Soon, such past Cobb County high school football stars as Justin Fields, Hutson Mason, Harrison Bailey, Julian Rochester and Brian Randolph, among many others, will have a chance to become hall of famers.
The new Georgia High School Football Hall of Fame, which was announced over the weekend, is the idea of Score Atlanta president I.J. Rosenberg, a former Atlanta sports writer who has experience with the National Baseball Hall of Fame in Cooperstown, New York, and founded the athletic hall of fame at his alma mater, Lakeside High School in DeKalb County, in 2019.
“This is long overdue,’’ Rosenberg said on the Score Atlanta website. “The history of Georgia High School football is tremendous and for years Georgia has been known to have some of the top players in country. But the idea here is not just to induct players, but tell the story of high school football in Georgia. We will dig into the early years and will research players and induct players from African-American schools when they were not allowed to attend white schools and play against white teams. An example I always like to use when talking about the depth of Georgia football is the fact that currently there are seven (Pro Football) Hall of Famers that played at Georgia high schools.’’
Going forward, the Georgia hall of fame will select a state championship team for induction every year. It seems likely, at some time, the 2019 Marietta and Harrison squads will be considered, as will as the 2015 Allatoona, 2014 Mount Paran Christian and 1967 Marietta teams.
In addition to the Georgia High School Association programs, it also means the 1966 Lemon Street team that powered its way to a state title in the Georgia Interscholastic Association — the organization for Black schools prior to integration — will likely take its spot along side the others.
High school football began in Georgia in 1894, but the oldest-known game in Cobb County, according to the Georgia High School Football Historians Association, was a 1902 matchup between Marietta and the Georgia Tech junior varsity.
That being said, there are going to eventually be hundreds of players from the county who will be deserving their place in the Hall.
Inductees will be selected from four pools — the early years of high school football up to and including the mid-1940s; segregated Black schools, which were not fully integrated until the ’70s; the “Golden Age” from 1950-80; and the period of football from the last 40 years.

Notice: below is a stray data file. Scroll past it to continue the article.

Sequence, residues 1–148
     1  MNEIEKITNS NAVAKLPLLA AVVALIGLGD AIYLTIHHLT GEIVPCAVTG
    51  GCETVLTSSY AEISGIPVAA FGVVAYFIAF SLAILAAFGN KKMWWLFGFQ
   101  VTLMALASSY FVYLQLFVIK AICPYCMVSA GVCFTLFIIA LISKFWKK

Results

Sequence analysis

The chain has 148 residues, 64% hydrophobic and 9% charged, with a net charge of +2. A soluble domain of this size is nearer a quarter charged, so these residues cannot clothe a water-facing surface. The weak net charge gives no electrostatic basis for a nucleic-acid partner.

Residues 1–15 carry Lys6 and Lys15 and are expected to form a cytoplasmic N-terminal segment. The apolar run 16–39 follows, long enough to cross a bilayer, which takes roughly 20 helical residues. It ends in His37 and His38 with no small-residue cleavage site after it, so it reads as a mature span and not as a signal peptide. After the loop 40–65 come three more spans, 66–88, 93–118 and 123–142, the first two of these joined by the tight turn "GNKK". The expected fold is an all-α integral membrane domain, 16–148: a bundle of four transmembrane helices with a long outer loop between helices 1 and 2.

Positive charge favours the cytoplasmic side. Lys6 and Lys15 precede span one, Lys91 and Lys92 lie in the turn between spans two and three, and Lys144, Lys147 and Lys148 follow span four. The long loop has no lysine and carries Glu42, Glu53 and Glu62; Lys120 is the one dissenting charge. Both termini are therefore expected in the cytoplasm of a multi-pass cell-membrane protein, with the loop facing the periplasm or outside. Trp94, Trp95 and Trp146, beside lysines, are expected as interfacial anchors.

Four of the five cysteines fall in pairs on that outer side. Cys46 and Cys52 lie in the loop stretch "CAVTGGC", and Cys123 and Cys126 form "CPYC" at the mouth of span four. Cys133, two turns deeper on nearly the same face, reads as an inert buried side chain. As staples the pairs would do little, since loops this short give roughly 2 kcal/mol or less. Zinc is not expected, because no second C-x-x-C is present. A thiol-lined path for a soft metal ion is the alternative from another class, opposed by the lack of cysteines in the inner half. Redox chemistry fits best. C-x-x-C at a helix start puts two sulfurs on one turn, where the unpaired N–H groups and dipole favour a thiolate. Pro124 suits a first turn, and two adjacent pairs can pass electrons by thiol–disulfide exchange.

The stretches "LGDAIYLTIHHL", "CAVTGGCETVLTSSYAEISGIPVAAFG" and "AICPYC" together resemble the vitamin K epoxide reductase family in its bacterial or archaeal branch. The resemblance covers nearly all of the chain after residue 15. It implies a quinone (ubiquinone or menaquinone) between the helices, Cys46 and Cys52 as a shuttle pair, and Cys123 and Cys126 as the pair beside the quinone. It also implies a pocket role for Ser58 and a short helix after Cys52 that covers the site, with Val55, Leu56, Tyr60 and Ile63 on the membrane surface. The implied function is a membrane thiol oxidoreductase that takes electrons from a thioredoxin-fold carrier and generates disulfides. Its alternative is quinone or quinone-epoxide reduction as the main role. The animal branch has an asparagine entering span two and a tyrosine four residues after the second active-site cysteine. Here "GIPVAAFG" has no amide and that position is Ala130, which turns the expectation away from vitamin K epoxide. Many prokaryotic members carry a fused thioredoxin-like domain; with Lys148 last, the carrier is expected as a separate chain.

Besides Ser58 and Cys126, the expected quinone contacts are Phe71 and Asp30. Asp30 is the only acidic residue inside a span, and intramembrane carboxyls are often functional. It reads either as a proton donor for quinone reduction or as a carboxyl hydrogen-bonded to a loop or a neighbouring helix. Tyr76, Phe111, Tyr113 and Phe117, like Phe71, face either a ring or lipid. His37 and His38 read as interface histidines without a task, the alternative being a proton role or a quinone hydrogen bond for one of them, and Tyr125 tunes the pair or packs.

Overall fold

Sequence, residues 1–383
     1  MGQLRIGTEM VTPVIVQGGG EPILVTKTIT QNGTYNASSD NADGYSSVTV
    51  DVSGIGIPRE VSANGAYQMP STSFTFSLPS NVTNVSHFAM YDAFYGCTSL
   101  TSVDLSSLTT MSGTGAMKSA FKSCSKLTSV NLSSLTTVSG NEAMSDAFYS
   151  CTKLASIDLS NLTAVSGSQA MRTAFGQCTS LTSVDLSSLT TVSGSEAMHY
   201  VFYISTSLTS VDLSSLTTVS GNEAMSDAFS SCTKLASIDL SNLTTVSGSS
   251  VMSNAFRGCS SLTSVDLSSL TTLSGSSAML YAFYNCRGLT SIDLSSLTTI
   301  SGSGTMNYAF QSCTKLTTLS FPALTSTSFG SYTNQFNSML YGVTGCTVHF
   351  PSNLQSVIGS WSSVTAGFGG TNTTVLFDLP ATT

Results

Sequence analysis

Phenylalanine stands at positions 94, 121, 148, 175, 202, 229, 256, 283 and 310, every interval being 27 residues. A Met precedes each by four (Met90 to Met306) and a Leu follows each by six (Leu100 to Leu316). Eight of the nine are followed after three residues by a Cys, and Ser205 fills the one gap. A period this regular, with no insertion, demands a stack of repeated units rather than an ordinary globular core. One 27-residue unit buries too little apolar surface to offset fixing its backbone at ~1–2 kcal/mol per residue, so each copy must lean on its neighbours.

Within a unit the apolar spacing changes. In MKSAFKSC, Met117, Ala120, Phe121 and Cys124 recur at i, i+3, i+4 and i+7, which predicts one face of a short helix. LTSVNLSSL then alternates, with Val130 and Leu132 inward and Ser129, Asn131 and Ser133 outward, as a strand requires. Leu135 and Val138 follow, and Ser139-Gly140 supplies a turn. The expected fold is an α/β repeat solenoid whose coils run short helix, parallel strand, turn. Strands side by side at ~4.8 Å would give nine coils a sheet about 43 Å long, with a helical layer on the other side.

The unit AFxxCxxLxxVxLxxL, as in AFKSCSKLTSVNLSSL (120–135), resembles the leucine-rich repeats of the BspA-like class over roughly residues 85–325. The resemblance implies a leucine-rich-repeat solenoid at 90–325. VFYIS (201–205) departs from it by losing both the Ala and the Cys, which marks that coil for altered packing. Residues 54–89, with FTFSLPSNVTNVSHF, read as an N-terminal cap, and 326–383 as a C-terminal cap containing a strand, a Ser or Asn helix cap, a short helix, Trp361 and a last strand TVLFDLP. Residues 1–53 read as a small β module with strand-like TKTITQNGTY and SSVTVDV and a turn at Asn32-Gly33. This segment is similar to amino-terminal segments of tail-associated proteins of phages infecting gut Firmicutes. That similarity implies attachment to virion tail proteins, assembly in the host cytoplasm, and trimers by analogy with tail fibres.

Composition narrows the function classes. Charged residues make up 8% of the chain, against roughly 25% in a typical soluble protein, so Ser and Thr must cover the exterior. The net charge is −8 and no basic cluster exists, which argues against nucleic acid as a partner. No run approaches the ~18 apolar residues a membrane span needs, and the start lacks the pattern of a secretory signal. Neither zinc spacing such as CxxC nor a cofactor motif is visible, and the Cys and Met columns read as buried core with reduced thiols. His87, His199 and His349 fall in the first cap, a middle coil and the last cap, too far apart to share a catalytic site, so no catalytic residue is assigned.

Coaches will not be included in the Georgia High School Football Hall of Fame. The Georgia Coaches Association already has its own hall of fame based in Dalton.
The Georgia High School Football Hall of Fame board of trustees has yet to be completed, but it is expected to have a number of Cobb County ties, including former McEachern football coach and athletic director Jimmy Dorsey, McEachern principal Regina Montgomery and former Walton football player and current Score Atlanta representative Craig Sager Jr.
Other members of the board expected to be included are former Brookwood football coach and athletic director Dave Hunter, recruiting expert Rusty Mansell of 247Sports, GHSA executive director Robin Hines and GHSA director of media relations Steve Figueroa.
“Right now, we are going to focus on putting in a process to choose inductees and make sure we are covering the entire state,’’ Rosenberg said. “The board is very diversified and will be the one making the decisions. As far as where we will house the Hall, the feeling is to find a public place that has good traffic where we can hang the plaques. I have spent a lot of time studying the Indiana High School Basketball Hall of Fame, which is incredible. They have their own building and while high school basketball in Indiana has always been well known, their Hall of Fame outside Indianapolis has taken it to another level. We are going to build slowly here, starting with an inaugural class that be around 35 players.’’
That inaugural class will be selected at a future date, and Rosenberg said he has been conversing with a number of venues for the first ceremony, including the College Football Hall of Fame in Atlanta.
Inductees will receive a custom-made hall of fame jacket and a plaque.